Abraham Holtzman and Political Activism
Governor James Baxter Hunt, Jr. reflects on the development of his personal and political philosophies, including his opposition to segregation, many of which developed in classes with Dr. Abraham Holtzman.
Interview on 2012-05-29
00:00:00.000 Probably the professor that influenced me the most in college
00:00:06.053 was Dr. Abraham Holtzman.
00:00:08.916 And he was a dynamic teacher.
00:00:12.803 and he would teach about the Constitution
00:00:19.056 and he would teach about the leaders who had led the country politically,
00:00:24.984 the decisions of the Supreme Court, all of that,
00:00:29.234 and you learned how politics worked at the national level and at the state and local level.
00:00:36.022 And again, he would talk about the issues
00:00:42.060 and you'd learn about what was happening in the country,
00:00:44.485 what was happening in the Congress, and you'd often say, that's wrong.
00:00:51.051 That's not right. That's unfair. And I did that a lot.
00:00:57.339 My political philosophy was developed there
00:01:01.545 and my activism was developed there.
00:01:05.859 And of course a lot of that comes from
00:01:12.710 what you believe about what's right and wrong in the world.
00:01:15.740 I believe that God loves us all
00:01:21.132 and wants us all to have a good life and be treated fairly.
00:01:25.127 It's wrong to mistreat people
00:01:27.649 and it's wrong to be mistreated,
00:01:29.888 and I've spent my life trying to correct that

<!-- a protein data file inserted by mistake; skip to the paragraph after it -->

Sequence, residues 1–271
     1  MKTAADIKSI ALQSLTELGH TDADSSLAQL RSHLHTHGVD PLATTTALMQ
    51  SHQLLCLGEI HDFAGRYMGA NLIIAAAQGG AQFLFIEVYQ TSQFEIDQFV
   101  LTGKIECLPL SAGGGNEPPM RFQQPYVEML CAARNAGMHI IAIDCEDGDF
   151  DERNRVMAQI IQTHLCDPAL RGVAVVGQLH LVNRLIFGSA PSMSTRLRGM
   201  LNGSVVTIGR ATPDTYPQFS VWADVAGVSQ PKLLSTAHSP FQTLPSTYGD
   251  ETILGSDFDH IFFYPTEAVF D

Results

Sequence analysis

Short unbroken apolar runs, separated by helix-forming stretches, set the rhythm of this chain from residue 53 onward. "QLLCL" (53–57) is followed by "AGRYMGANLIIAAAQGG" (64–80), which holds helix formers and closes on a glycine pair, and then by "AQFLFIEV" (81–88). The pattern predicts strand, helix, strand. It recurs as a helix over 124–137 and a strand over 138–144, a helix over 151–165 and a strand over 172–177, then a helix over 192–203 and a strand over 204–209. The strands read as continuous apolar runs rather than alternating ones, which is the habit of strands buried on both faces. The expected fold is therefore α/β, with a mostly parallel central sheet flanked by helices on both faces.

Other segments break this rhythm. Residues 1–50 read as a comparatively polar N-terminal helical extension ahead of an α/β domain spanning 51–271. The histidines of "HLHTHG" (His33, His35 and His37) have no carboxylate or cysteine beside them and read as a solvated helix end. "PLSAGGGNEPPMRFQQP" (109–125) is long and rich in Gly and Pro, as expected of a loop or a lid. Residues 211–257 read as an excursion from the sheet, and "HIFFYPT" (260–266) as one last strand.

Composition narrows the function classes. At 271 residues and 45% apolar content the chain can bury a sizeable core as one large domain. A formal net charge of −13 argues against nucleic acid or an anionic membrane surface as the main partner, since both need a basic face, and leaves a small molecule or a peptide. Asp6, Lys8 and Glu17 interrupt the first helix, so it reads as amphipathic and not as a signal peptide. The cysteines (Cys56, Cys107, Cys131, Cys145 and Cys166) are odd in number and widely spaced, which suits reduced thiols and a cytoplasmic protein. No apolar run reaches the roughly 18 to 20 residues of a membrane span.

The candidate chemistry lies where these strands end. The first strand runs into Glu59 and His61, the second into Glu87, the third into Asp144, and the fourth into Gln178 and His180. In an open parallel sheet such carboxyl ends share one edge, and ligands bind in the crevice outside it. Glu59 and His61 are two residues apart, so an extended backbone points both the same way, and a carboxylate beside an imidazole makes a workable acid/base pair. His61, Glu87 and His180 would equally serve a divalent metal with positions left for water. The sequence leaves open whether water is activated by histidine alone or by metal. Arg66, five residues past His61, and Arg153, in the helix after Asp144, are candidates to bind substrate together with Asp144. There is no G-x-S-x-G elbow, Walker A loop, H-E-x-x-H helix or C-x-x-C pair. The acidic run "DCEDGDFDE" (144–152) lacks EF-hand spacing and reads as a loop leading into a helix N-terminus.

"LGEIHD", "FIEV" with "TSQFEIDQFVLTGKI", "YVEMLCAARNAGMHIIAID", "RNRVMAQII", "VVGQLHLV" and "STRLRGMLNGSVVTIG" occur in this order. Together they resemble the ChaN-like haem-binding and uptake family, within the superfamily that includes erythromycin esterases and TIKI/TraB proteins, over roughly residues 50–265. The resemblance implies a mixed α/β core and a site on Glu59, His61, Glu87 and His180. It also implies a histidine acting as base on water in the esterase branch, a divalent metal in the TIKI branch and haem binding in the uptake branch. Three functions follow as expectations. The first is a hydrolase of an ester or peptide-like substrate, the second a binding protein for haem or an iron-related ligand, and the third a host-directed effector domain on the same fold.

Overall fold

00:01:34.541 and to see that people are given a fair opportunity to have a good life.
00:01:38.469 But Abe Holtzman made a profound impact on me
00:01:45.266 and I think stimulated me to political activism,
00:01:48.579 to run for office,
00:01:50.695 to choose the issues that I thought were important
00:01:53.840 and treating people right and giving them an opportunity
00:01:56.270 to be all they can be. I sometimes say, all that God wants them to be.
00:02:01.080 I had started - in my senior year in high school
00:02:05.465 I had written a senior paper
00:02:08.703 laying out why I thought Brown v. Board of Education,
00:02:15.164 which ruled segregated schools to be unconstitutional,
00:02:20.502 I wrote a paper in high school saying why it was wrong.
00:02:25.736 I thought that separate but equal, really equal, ought to be enough,
00:02:33.691 and it took me some time during college,
00:02:39.732 reading books like "Black Like Me" and a lot of others,
00:02:44.349 to realize that segregation, enforced segregation, is inherently wrong.
00:02:51.381 You can't have that. It just doesn't work.
00:02:54.547 When you're forced to be separate not only are there practical consequences
00:03:00.729 but the fact that you are forced to do it is wrong.
00:03:04.097 And it is legally wrong and it is constitutionally wrong.
00:03:07.896 And of course I began to meet black students, black leaders,
00:03:15.080 as I said read books, hear speeches by people that I admired and was impressed by.
00:03:25.312 I began to hear stories of
00:03:28.865 how badly people had been treated.
00:03:32.299 And I knew a little bit about enforced segregation,
00:03:38.184 the rigidity of it, the unfairness of it,
00:03:41.759 but I didn't really understand enough about how
00:03:44.816 people who were segregated and discriminated against felt.
00:03:50.152 I learned that at NC State
00:03:53.459 from many of these professors, some of the speeches I heard, things I read,
00:03:58.252 had a profound influence on me,
00:04:01.093 and of course with the
00:04:07.324 interest in politics that was developing in me
00:04:12.018 I began to see that this is a political issue.
00:04:15.904 You have to do something about this politically.
00:04:18.797 The laws are wrong; they have to be changed.
00:04:21.813 The customs are wrong; they have to be changed.
00:04:24.602 And if you're going to get active and try to
00:04:29.723 be a force in the public policy arena
00:04:33.423 you've got to be a force to change segregation
00:04:36.976 and permit equal opportunities.